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Official Site: Monty Python
The Killer Rabbit of Caerbannog is a fictional beast in the movie Monty Python and the Holy Grail. It is the antagonist in a major setpiece battle, and makes a similar appearance in Spamalot, a musical inspired by the movie. The iconic status of this skit was important in establishing the viability of the musical.
In the film, King Arthur's Knights of the Round Table are led to the Cave of Caerbannog by Tim the Enchanter, and find that they must face down both the Rabbit and the Black Beast. The Cave of Caerbannog ("caer bannog" being Welsh for "turreted castle") is the home of the Legendary Black Beast of Aaaaarrrrrggggghhhhh. This is guarded by a monster which is initially unknown. King Arthur and his knights are led to the cave by Tim the Enchanter, and find that they must face down its guardian beast. Tim verbally paints a picture of a terrible monster with "nasty, big, pointy teeth!", so terrifying that Sir Robin soils his armour. When the guardian appears to be an innocuous white rabbit, surrounded by the bones of the fallen, Arthur and his knights no longer take it seriously. Ignoring Tim's warnings ("a vicious streak a mile wide!"), King Arthur orders Bors to chop its head off. Bors confidently approaches it, sword drawn, and is immediately decapitated by the rabbit to the sound of a can opener. Despite their initial shock, Sir Robin soiling his armor (again), and Tim's loud scoffing, the knights attack in force, but are driven to "run away!" as the rabbit leaps and attacks, killing Gawain and Ector. The Holy Hand Grenade of Antioch is then used to kill the beast and allow the quest to proceed.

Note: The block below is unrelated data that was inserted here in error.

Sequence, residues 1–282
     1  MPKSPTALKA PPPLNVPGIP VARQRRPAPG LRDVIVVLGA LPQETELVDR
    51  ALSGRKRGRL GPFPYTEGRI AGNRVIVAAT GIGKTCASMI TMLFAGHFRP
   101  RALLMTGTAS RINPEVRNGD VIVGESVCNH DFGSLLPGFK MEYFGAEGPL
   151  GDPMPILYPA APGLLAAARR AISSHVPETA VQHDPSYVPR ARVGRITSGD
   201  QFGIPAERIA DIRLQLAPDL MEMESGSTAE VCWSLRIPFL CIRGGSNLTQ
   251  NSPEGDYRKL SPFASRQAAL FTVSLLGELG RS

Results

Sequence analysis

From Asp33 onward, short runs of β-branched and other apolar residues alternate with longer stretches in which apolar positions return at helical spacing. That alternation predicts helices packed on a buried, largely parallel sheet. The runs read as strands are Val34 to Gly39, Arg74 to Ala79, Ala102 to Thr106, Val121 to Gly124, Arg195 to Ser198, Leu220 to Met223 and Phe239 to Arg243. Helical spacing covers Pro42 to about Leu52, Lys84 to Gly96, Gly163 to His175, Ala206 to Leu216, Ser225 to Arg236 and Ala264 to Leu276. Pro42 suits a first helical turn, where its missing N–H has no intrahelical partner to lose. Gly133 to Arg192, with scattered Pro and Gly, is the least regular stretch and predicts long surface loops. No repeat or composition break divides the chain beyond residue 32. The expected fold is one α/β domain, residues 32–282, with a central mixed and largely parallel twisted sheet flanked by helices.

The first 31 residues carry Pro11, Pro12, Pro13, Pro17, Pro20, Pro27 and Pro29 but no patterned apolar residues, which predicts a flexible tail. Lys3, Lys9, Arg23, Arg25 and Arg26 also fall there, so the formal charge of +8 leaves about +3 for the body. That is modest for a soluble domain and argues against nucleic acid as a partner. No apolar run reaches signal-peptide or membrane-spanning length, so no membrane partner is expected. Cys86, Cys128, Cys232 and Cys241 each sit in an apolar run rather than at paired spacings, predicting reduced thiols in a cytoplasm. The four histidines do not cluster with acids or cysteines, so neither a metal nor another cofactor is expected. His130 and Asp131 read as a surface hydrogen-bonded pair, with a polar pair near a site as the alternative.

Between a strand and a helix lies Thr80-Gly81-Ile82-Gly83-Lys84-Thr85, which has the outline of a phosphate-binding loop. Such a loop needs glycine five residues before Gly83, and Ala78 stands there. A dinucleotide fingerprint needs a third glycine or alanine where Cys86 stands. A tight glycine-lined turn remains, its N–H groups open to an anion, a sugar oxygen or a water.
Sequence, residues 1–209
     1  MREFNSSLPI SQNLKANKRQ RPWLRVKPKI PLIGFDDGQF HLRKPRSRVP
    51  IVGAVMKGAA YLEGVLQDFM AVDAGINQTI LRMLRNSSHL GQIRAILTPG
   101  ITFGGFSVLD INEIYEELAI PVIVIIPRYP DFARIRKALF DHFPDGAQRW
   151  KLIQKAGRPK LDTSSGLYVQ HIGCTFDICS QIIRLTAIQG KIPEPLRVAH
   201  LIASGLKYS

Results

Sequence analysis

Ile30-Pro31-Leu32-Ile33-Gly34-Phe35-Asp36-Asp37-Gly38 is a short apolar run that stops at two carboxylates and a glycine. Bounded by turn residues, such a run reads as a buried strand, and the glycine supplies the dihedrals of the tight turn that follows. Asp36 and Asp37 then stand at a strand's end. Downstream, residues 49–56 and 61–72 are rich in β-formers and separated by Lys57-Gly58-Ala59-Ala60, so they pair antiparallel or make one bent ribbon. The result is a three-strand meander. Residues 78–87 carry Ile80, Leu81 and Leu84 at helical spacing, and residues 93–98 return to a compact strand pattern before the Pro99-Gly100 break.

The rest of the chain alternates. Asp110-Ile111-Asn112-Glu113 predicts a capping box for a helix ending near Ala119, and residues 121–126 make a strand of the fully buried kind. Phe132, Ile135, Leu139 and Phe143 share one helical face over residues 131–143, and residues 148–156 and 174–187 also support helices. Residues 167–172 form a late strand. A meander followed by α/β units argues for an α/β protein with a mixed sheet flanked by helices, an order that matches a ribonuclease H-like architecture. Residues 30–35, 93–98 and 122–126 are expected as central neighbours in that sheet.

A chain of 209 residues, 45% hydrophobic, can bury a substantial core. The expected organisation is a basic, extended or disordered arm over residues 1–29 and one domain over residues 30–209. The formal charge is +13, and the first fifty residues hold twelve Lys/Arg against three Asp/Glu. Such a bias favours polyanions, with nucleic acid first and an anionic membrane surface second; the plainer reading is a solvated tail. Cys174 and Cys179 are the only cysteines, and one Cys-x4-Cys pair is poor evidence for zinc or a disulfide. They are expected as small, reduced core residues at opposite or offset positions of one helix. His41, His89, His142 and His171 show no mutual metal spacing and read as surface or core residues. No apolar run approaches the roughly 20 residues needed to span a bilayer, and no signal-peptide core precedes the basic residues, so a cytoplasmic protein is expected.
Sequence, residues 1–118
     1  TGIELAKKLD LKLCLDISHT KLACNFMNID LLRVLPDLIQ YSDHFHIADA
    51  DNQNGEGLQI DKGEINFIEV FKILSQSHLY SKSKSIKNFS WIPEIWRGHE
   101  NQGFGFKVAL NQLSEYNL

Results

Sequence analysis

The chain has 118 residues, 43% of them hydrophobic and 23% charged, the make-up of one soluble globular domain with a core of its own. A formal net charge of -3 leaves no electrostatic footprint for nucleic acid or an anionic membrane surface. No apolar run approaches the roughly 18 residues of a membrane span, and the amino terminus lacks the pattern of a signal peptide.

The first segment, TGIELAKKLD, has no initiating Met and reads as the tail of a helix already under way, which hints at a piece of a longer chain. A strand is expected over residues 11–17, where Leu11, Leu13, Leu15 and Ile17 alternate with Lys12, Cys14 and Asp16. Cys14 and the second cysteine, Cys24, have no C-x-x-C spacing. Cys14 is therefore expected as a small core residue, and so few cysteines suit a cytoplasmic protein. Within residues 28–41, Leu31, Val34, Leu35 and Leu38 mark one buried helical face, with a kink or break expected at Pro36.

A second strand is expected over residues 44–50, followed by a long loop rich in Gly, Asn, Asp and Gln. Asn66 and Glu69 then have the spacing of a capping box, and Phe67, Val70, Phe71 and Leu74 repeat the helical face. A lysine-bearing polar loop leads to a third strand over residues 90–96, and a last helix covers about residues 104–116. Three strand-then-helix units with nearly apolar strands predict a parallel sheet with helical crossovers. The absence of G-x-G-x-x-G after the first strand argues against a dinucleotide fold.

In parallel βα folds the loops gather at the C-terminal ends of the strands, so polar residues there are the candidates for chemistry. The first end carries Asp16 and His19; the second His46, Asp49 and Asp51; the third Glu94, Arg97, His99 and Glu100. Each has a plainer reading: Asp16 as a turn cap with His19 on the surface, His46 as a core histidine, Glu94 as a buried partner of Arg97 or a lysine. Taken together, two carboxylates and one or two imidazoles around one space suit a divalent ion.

The rabbit scene was shot outside the Tomnadashan Mine cave overlooking the Perthshire village of Killin. For the 25th anniversary DVD, Michael Palin and Terry Jones returned to be interviewed in front of the cave but they could not remember the location. They wandered up and down the hills for hours and, in desperation, asked the locals, saying that they couldn't miss it as it had a killer rabbit in it. This prompt was insufficient and so the couple performed a comic turn in front of the nearby loch to general amusement: "It was priceless stuff, and some of the looks they were getting were unbelievable."
The rabbit was portrayed in the movie by a real rabbit and also a prop. The woman who owned the real rabbit was unhappy with the amount of Kensington Gore in which it had been doused by the Python crew.
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